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Traditional microscopy instruction versus process-oriented virtual microscopy instruction: a naturalistic experiment with control group



Virtual microscopy is being introduced in medical education as an approach for learning how to interpret information in microscopic specimens. It is, however, far from evident how to incorporate its use into existing teaching practice. The aim of the study was to explore the consequences of introducing virtual microscopy tasks into an undergraduate pathology course in an attempt to render the instruction more process-oriented. The research questions were: 1) How is virtual microscopy perceived by students? 2) Does work on virtual microscopy tasks contribute to improvement in performance in microscopic pathology in comparison with attending assistant-led demonstrations only?


During a one-week period, an experimental group completed three sets of virtual microscopy homework assignments in addition to attending demonstrations. A control group attended the demonstrations only. Performance in microscopic pathology was measured by a pre-test and a post-test. Student perceptions of regular instruction and virtual microscopy were collected one month later by administering the Inventory of Intrinsic Motivation and open-ended questions.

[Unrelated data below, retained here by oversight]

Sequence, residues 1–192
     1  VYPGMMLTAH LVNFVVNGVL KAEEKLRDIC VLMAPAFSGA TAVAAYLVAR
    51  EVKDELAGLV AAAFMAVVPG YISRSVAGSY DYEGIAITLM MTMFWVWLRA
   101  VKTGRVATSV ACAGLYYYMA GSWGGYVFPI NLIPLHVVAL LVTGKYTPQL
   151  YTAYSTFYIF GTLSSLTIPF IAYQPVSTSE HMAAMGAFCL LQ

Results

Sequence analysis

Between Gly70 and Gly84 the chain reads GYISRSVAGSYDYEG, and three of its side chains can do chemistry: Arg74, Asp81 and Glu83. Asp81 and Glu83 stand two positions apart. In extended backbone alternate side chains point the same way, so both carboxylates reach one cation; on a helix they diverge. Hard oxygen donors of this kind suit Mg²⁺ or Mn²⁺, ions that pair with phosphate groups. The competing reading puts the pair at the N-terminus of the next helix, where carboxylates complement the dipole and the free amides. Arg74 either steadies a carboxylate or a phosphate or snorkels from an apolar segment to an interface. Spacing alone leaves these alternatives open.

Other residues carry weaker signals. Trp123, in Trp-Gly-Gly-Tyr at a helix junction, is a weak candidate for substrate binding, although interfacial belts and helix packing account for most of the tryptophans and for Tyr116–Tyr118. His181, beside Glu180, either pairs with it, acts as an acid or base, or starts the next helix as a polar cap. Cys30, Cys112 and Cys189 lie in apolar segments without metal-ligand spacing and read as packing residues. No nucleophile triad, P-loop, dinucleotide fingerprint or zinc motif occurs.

The students voiced an appreciation for virtual microscopy for the purposes of the course and for self-study. As for learning gains, the results indicated that learning was speeded up in a subgroup of students consisting of conscientious high achievers.


The enriched instruction model may be suited as such for elective courses following the basic course. However, the instructional model needs further development to be suited for basic courses.